In U-turn, Indonesia says will continue to send maids abroad

Beh Lih Yi
Domestic helpers in Singapore. AFP file photo

JAKARTA, March 20 (Thomson Reuters Foundation) - Indonesia
said Monday it would continue to send domestic helpers overseas,
in an about-turn welcomed by campaigners who said it would help
prevent women falling prey to human trafficking.

Thousands of Indonesian women travel to places like Hong
Kong, Singapore, Taiwan and Malaysia every year to become maids,
attracted by promises of higher salaries despite reports of
widespread abuses and near slave-like living conditions.

Jakarta had previously said it would stop sending maids
overseas from this year, on the grounds of protecting the women,
sparking concerns it would push more poor Indonesians desperate
for jobs into illegal migration.

However a senior official at the Manpower Ministry told the
Thomson Reuters Foundation that Jakarta would not go ahead with
the ban but it has been in talks with countries to ensure
Indonesian maids are treated in a "humane" way.

"We are not stopping Indonesians going overseas to become
domestic workers but we want better protection for them," said
Soes Hindharno, director for the protection and placement of
Indonesian migrant workers abroad.

He said this includes preventing what he called
"multi-tasking work" by Indonesian maids to reduce exploitation.
"If they are housekeepers, they are housekeepers - they
clean, cook and iron. If they are babysitters, they are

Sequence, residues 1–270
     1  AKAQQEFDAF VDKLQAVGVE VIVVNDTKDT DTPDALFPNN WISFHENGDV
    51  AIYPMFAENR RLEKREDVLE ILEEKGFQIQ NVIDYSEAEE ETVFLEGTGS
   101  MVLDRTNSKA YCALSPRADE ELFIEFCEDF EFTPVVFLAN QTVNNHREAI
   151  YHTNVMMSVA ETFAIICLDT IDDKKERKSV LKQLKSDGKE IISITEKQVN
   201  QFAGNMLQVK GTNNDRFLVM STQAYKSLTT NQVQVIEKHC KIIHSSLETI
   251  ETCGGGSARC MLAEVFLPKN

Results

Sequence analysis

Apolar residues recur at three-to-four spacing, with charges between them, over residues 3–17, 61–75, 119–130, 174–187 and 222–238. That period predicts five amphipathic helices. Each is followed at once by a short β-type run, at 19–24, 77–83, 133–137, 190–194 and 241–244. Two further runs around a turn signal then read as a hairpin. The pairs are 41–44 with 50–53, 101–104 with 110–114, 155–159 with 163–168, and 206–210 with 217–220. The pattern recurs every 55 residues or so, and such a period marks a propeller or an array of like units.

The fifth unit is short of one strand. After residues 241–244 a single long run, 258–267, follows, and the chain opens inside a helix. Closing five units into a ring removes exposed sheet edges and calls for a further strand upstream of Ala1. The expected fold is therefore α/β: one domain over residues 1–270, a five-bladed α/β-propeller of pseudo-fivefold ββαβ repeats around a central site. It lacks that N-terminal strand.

babysitters - you can't ask a babysitter to bathe your dog."

Currently, Indonesian women who work as maids abroad are
required to stay at the home of their employer, handling tasks
from cleaning to looking after children or the elderly - a rule
activists say making them vulnerable to abuse.

Migrant activists welcomed the decision, but said more
needed to be done to combat human trafficking including ensuring
women aware of their rights when leaving for work overseas.

"It is a basic right to go abroad to work. If the government
stops this, we will only see more human trafficking cases," said
Mulyadi, a co-founder of rights group Migrant Care, who like
many Indonesian goes by one name.

Indonesia since 2015 has banned women from going to 21
Middle Eastern countries following a series of abuse cases but
high-demand for maids has encouraged traffickers to find ways
around the curbs.

Hindharno said the Middle East ban would stay in place.
Domestic helpers make up more than a third of the six
million Indonesian working abroad.

(Reporting by Beh Lih Yi @behlihyi, Editing by Ros Russell;
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